Health

Spending more on the NHS 'not unaffordable'

Doctor
Image caption Ministers have argued spending more on the NHS is unaffordable

Spending more on the NHS is not necessarily unaffordable - despite the claims of ministers, a leading health expert says.

A major part of the justification for the overhaul of the NHS was that spending would spiral out of control.

But Professor John Appleby, of the King's Fund, said even a doubling of the budget over 20 years was possible.

Writing for the British Medical Journal website, he said it was about whether the NHS was prioritised even more.

Ministers have spent the past few months arguing that the ageing population, rising cost of drugs and factors like obesity mean spending demands would outstrip what was affordable in the coming years.

Priorities

In an article in the Daily Telegraph last month, Health Secretary Andrew Lansley suggested on current trends £230bn would need to be spent on health by 2030 compared to the £103bn which is spent now.

He said that figure was one that the country "simply could not afford".

But Prof Appleby, the chief economist at the think-tank, questioned that.

He said taking into account the expected growth in the economy a budget of £230bn would require the health budget to rise at about 4% a year above inflation - only a little more than it has got on average since 1948.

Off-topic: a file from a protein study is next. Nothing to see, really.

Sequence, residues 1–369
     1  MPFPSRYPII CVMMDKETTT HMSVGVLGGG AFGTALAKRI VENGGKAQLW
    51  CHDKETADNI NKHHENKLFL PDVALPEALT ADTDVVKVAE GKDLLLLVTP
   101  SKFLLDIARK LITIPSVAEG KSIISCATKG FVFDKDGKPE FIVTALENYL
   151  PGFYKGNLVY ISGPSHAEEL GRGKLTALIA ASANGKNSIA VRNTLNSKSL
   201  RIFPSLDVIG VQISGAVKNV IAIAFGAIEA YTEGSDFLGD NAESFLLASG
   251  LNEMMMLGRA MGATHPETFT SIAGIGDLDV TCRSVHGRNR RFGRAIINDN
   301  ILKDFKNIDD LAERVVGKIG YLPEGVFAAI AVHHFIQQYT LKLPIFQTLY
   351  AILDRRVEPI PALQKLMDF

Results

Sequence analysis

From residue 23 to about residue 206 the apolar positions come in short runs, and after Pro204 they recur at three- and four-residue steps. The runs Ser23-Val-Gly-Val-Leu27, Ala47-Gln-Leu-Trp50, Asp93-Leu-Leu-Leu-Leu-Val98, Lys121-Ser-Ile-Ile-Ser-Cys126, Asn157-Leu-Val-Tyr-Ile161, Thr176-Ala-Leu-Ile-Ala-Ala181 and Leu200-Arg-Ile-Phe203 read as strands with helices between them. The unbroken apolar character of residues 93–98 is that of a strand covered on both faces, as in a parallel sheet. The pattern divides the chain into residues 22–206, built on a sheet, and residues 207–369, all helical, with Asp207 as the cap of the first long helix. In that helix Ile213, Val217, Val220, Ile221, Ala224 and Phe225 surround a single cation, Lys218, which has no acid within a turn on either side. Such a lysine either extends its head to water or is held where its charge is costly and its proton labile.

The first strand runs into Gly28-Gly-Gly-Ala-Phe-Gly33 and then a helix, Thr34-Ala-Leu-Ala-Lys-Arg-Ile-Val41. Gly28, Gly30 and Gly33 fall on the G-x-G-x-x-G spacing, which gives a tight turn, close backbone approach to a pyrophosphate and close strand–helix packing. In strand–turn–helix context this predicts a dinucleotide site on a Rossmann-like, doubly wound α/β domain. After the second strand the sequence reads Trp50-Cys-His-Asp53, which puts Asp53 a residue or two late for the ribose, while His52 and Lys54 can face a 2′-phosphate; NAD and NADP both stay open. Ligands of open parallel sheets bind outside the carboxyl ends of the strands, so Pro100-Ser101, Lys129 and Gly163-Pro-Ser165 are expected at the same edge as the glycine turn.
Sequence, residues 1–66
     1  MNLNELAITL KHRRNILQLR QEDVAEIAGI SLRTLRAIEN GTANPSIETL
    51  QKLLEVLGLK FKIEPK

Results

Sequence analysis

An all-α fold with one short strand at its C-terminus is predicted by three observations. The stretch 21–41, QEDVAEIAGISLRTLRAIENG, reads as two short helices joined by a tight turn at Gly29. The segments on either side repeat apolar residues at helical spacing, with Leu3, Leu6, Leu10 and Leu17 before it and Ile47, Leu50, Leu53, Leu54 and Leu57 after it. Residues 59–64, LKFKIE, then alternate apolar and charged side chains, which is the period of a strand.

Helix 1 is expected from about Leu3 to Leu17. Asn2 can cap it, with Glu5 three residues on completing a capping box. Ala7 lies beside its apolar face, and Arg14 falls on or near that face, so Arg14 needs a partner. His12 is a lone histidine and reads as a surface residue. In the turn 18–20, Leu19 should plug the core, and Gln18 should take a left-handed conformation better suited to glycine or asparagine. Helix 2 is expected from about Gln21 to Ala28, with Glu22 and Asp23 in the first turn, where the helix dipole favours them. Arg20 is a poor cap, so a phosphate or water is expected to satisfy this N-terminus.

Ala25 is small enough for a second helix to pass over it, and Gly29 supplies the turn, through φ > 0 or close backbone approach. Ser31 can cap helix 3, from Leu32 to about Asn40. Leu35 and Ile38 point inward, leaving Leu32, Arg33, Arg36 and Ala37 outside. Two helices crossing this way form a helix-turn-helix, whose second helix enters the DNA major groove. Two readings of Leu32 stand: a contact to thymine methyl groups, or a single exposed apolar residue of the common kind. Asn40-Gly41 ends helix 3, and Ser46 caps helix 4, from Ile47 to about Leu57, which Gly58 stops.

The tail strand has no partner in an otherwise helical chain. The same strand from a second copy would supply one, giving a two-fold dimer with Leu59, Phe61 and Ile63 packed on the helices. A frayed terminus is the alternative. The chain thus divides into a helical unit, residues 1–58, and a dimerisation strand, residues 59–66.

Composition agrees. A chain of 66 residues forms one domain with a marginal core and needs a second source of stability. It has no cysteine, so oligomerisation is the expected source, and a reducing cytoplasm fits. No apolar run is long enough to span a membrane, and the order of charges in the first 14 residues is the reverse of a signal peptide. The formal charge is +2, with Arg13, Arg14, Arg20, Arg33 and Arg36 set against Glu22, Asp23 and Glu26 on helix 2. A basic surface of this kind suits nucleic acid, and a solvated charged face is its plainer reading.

Such rises would bring total health spending, including investment in private health care, to about 12.4% of gross domestic product (GDP) - roughly in line with what high spending countries such as the Netherlands are already spending.

Prof Appleby added: "It is a question of priorities really. It could be afforded, but would just require more money to be spent on health. But we are not talking about ridiculous amounts."

But a Department of Health spokeswoman insisted such spending would constitute a "financial crisis".

She added: "The right approach is to change the way that the NHS spends its budget so that it matches patients' needs better - rather than simply spending much larger sums on patterns of care and service which don't match the changing health needs of the population."

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